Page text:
Keep seedlings warm and watered and choose a sheltered area if possible.  To protect your plants from cold winds as sharp drop in temperature may kill off seedlings and young plants.

    Keep an eye on the weather and protect crops with a cloche or cover overnight.  Remove the covering in the day to keep a good circulation of air and avoid rotting.

    If you have to leave the cover over the plants, remove it every day or so and check them.  The soil may need a little forking over to avoid it getting compacted and wet. A Vigoroot Easy Table Garden is ideal for growing winter salads and can be moved to the sunniest spot and the cover removed easily on warmer days.


    Winter lettuce crops can be used as and when the plants are big enough. Varieties that produce a firm head are best left to fully mature.  Although a taking a leaf or two once in a while won’t hurt. The cut-and-come-again varieties should be picked regularly after they are about 2in high. They will produce more leaves if you pick some.  Or you can allow the plants to grow to about 8in and cut the whole head off, leaving a stump – a new plant should soon re-sprout. 

    Whatever you grow it will give you a little reminder that Summer is never far away!

  • Grow at Home: Nuts! Whole Hazelnuts!!

    hazelnut_catkinsHazelnuts come from hazel trees which are a great choice for a garden.  They are fairly small and will grow successfully in most temperate areas.  The bees love both catkins and flower so if you are keen to encourage wildlife then they are a good option.
    Hazels like a moist but free draining soil, in a bright, sunny situation.  The production of hazelnuts is likely to be better if your tree is sheltered.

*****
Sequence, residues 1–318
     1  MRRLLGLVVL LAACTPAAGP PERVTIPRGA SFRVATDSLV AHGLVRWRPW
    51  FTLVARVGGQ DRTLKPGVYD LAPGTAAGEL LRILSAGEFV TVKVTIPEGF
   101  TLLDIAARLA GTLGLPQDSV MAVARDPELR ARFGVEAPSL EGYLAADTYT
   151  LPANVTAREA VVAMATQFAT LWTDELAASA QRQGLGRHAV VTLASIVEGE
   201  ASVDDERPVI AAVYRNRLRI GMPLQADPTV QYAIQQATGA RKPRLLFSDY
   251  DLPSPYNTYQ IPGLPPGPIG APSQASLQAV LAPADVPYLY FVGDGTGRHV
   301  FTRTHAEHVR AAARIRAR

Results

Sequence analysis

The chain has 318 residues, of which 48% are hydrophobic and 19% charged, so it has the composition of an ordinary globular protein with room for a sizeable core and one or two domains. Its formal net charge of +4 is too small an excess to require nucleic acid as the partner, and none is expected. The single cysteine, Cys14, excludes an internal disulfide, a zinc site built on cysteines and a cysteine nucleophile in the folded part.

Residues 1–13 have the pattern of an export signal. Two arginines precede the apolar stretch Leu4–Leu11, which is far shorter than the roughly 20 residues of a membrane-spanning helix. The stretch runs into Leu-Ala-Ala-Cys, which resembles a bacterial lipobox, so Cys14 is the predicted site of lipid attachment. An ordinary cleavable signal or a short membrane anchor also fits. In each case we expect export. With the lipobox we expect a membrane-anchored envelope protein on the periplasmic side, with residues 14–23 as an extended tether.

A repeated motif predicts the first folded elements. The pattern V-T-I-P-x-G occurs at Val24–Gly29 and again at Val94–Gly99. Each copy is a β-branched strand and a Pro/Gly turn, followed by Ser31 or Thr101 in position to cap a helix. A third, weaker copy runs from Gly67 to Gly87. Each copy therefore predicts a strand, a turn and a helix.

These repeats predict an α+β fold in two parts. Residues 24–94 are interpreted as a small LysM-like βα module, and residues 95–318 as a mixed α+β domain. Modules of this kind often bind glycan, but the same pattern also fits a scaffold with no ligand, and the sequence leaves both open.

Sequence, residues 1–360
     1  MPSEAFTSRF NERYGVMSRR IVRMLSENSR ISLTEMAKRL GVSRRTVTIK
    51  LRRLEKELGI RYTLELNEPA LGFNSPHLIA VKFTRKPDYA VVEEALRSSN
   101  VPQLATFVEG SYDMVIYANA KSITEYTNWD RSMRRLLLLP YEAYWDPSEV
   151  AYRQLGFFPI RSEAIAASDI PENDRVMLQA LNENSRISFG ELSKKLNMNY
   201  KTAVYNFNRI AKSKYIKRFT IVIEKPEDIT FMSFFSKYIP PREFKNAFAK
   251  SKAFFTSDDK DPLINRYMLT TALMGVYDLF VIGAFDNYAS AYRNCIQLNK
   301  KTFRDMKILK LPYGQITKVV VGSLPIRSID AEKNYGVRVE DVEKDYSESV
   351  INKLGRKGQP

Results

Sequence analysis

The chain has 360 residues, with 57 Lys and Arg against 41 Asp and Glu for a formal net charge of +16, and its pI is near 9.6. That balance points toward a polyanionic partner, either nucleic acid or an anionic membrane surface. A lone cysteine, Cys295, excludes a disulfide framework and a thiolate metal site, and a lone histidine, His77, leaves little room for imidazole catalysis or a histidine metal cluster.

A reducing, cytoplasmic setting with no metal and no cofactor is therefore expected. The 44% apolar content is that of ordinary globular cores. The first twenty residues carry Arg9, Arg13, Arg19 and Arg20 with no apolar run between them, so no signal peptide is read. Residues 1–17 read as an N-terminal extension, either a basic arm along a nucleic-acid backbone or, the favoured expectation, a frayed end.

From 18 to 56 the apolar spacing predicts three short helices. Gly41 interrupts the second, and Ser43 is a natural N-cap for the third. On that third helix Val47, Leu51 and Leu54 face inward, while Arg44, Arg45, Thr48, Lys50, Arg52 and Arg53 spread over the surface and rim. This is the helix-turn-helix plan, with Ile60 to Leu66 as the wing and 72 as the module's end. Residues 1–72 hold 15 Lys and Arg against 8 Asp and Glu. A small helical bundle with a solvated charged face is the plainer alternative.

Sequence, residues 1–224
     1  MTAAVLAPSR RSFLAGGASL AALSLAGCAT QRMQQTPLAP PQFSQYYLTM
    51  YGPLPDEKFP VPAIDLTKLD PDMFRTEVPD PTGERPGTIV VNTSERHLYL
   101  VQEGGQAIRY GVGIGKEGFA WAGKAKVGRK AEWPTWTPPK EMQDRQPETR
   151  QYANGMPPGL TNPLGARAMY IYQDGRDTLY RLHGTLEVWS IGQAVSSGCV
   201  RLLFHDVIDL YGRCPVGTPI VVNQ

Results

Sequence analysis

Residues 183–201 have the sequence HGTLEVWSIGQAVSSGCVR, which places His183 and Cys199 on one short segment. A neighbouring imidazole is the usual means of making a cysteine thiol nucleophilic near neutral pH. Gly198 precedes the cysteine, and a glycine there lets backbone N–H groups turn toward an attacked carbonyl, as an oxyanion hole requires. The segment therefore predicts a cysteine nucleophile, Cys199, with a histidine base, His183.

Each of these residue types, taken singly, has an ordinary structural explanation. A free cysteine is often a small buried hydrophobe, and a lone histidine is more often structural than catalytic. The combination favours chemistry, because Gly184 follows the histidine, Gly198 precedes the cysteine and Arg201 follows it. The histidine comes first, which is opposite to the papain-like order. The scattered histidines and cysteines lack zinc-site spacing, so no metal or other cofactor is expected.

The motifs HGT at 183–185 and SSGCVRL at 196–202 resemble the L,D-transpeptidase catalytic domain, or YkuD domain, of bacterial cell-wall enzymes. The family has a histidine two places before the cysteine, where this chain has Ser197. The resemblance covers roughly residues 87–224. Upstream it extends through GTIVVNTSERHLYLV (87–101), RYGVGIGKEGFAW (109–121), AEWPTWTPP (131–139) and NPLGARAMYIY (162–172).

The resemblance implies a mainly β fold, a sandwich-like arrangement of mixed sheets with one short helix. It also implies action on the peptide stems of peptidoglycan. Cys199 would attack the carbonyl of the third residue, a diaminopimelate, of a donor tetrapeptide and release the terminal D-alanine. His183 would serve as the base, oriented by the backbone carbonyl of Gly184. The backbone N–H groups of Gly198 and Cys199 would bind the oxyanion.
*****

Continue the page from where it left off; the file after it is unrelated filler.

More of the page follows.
They naturally grow as multi-stemmed bushes  - you often see them in hedgerows.  So for the home gardener they can provide useful screening  and shelter for tender plants.   If you really want nuts though, open-centre trees with a single main stem will allow more light to get in and  improve both the quality and the quantity of nuts.

    Buying a tree

    If you want to buy a hazel tree then they are most commonly bought as bare-rooted saplings, although pot grown plants are also available.  They can be put into the ground at any time of year, but it is best to plant during the dormant period in winter.  Make sure that the soil is not frozen or water-logged and plant following the instructions further down.

    Growing from seed

    If you can find someone who has a hazel tree then you should be able to get a ready supply of nuts which have the seed inside.  Hazelnuts come in clusters surrounded by husks.  Simply pick the nut out of the husk.

    Separating those that will grow from those that may not is easy.  Take your nuts and put them in a bucket of water. Select only those that sink and discard the ones that float.  The ones that sink are more likely to grow and give you healthy seedlings.

    Planting seeds

    Take a plant pot and place some stones in the bottom for drainage then cover them with a shallow layer of sand.  You can just put your nut in with its shell but it will make germination easier if you nick the shell with a file first.  To do this carefully file through in a small spot on the top side of shell.  Just enough to penetrate the shell without damaging the flesh of the seed inside.  Once done, mix a handful of your nuts with the same amount of horticultural sand and put them into your pot.  Cover very carefully with something like wire mesh otherwise you are sure to lose the lot to mice or squirrels.  They love a hazelnut!   Put the pot in the shade and prepare to forget about it until early Spring.